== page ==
Y Fujii, Y Komatsu, Y Yanase, S Okumura, Y Imamura, M Tarumi, H Takiuchi, A Inai


An investigation of the nutritional physiology of the wood-boring weevil Euophryum confine Broun
1994 - IRG/WP 94-10082
The digestion of Picea abies Karst and Pinus sylvestris L. by Euophryum confine, at two sites is reported in this study. The composition of sound wood, wood from the heads of the weevil tunnels and the frass egested has been determined by gravimetric analysis. A comparison of sound wood and wood ingested showed that weevils tunnelled in microbially decayed wood, while a comparison of the wood ingested and frass egested showed weevils digested 15.5% of the hot water solubles, 22.5% of the hemicelluose and 26.7% of the cellulose in wood during gut transit, assuming lignin remained unchanged.
A J Pitman, S M Cragg, G S Sawyer


Criteria for environmentally and socially sound and sustainable wood preservation industry
2006 - IRG/WP 06-50237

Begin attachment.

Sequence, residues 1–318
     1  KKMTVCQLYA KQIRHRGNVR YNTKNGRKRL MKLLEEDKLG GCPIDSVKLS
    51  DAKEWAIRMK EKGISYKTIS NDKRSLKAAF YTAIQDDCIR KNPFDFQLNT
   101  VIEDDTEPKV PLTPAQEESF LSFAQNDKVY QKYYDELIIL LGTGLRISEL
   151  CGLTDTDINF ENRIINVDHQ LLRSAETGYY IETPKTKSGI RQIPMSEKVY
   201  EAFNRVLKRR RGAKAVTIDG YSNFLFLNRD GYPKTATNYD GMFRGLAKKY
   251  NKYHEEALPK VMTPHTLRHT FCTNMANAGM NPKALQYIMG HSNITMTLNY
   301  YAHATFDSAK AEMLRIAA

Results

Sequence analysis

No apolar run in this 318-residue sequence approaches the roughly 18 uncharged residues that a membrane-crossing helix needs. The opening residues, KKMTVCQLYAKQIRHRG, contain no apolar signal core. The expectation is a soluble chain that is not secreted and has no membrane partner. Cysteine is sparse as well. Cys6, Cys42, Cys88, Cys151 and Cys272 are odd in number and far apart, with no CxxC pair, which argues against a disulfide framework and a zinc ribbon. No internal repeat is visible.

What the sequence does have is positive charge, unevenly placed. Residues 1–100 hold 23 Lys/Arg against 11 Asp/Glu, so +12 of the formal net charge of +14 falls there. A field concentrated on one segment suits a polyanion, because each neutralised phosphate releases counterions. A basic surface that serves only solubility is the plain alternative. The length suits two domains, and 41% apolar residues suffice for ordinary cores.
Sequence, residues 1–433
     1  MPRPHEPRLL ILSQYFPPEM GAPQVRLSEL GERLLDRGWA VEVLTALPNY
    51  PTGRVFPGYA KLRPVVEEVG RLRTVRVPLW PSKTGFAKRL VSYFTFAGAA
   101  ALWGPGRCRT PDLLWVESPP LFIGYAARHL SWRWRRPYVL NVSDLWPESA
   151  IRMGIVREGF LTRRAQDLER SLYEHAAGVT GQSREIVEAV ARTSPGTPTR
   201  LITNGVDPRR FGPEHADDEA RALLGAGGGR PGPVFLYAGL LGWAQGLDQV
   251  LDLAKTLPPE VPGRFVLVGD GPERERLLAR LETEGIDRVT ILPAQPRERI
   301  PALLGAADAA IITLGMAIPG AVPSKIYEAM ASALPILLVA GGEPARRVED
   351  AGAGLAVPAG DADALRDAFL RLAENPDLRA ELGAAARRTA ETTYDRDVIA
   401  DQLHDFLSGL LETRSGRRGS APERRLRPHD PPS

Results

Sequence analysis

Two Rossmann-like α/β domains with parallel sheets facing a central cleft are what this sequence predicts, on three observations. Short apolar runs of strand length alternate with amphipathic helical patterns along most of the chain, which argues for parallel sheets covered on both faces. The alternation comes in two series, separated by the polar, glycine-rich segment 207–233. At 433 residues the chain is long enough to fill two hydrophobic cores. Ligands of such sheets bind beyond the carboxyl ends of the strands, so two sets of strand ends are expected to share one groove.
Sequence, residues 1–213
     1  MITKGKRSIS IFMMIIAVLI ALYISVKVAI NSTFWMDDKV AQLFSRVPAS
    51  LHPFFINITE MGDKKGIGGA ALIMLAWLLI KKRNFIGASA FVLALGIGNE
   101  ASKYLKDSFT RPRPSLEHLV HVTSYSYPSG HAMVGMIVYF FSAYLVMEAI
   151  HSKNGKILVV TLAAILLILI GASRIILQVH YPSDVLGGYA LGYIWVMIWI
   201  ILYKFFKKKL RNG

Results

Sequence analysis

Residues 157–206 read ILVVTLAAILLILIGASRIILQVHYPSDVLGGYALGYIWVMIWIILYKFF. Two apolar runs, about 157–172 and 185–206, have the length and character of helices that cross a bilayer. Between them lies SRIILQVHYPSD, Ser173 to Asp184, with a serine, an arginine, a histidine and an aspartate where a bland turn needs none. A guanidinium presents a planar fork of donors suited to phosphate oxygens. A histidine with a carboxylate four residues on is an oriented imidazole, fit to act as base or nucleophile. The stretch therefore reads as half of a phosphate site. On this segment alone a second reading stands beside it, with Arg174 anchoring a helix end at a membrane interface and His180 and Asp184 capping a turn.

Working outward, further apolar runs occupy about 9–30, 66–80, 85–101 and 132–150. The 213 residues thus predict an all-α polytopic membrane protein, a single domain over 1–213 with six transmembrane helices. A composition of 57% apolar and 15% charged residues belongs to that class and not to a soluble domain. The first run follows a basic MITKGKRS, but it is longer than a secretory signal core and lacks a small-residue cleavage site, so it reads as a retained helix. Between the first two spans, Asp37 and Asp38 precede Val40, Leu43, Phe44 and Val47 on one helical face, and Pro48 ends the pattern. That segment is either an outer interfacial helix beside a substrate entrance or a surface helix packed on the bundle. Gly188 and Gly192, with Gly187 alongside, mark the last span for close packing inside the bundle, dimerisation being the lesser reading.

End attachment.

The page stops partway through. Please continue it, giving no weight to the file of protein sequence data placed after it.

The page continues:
This paper is dealing with critical criteria for environmentally and socially sound and sustainable wood preservation industry. A research study supported by past experience, knowledge and training on relevant topics and consultation of relevant appraisal manual, training module and technical guideline revealed concise widespread checklists for sustainable establishment of wood preservation industry. Through this paper safe and sound site selection, safe land acquisition and involuntary resettlement, sound regulatory aspects, safe planning and information, safe design and construction, safe operation, appropriate environmental management plan (EMP) and environmental impact assessment (EIA) of wood preservation industry have been ensured. The relevant industrialists can easily follow the checklists during establishment or renovation of wood preservation industry.